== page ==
Carbohydrates are the optimal fuel for performance
Fat and protein can be used to create energy, but are less efficient than carbohydrates
Footballers who eat a high-carbohydrate diet perform better than when they eat a low-carbohydrate diet
This finding is consistent across the literature, and explains why established nutrition bodies like the Academy of Nutrition and Dietetics, Dietitians of Canada, and the American College of Sports Medicine all agree that carbohydrates are the most energy-efficient macronutrient (1)
Make sure to check out next week’s post, which is part two of the 'Carbohydrates and Performance' series, where we will discuss what foods are rich in carbohydrates, recommended daily intakes for athletes, and how to optimally fuel both before and after your training session or match.
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Until next week!
Patrick Elliott, BSc, MPH
Health and Nutrition Science Communication Officer at Training121
Health Disclaimer: This article is for informational and educational purposes only, and is not a substitute for professional advice. For health advice, speak to a physician or other qualified health-care professional, and for nutrition advice, speak to a qualified nutrition professional (e.g., registered dietitian). The use of information on this site is solely at your own risk.
(1) Thomas DT, Erdman KA, Burke LM. Position of the Academy of Nutrition and Dietetics, Dietitians of Canada, and the American College of Sports Medicine: Nutrition and Athletic Performance. J Acad Nutr Diet. 2016;116(3):501–28. Available at: https://journals.lww.com/acsm-msse/Fulltext/2016/03000/Nutrition_and_Athletic_Performance.25.aspx
(2) Souglis AG, Chryssanthopoulos CI, Travlos AK, Zorzou AE, Gissis IT, Papadopoulos CN, Sotiropoulos AA. The effect of high vs. low carbohydrate diets on distances covered in soccer. J Strength Cond Res. 2013;27(8):2235–47. Available at: https://journals.lww.com/nsca-jscr/Fulltext/2013/08000/The_Effect_of_High_vs__Low_Carbohydrate_Diets_on.25.aspx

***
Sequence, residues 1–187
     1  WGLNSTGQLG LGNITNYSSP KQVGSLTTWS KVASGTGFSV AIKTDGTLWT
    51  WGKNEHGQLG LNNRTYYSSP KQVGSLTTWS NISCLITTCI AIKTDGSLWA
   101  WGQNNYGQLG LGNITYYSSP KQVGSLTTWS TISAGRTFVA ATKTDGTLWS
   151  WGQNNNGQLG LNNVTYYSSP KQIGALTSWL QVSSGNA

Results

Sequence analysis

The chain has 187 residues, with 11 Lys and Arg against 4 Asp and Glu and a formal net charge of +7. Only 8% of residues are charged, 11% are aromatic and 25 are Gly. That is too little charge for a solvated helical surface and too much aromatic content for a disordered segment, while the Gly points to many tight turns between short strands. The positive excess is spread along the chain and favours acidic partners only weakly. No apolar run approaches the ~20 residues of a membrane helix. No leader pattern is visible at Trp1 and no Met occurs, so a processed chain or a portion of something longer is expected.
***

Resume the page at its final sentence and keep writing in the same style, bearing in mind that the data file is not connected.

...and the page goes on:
ATP: The basic unit of energy used by the human body to power all bodily processes. It is the energy currency of the human body.
Glucose: All carbohydrates are broken down into this simple sugar molecule. It is the only sugar molecule that can be used to create energy (ATP) in the human body.
Glycogen: The stored version of glucose. When we eat carbohydrates, most is stored as glycogen in our muscles and liver.
Macronutrients: These are the energy-providing nutrients in the human diet. The most often consumed include protein, carbohydrates, and fat. Alcohol is also technically a macronutrient, as is water. Water does not provide energy (kcal), though, while all other macronutrients do.
Phosphagen system: The simplest of the three energy systems of the human body. This system can only provide energy for quick activities less than 10 seconds in length. It is an anaerobic process, meaning it does not use oxygen. In this system, energy (ATP) is formed from a molecule called phosphocreatine, which is present in our muscle cells.
Glycolytic system: Like the phosphagen system, the glycolytic system is an anaerobic energy system (doesn't use oxygen). This system can provide energy (ATP) for activities lasting approximately 1–2 minutes in length. It can provide a higher rate of energy than the oxidative system, but is limited in its capacity. The world "glycolytic" or "glycolysis" (which it is also known as) refers to the breakdown of glucose, or "glucose splitting" that occurs in the energy-creation process.
Oxidative system: The most complex of all three energy systems. This system is aerobic, meaning it uses oxygen to create energy (ATP). This system can create a lot of energy, powering most daily activities, as well as lower intensity exercise. Fat and carbohydrate (glucose) are both used to create energy in the oxidative system.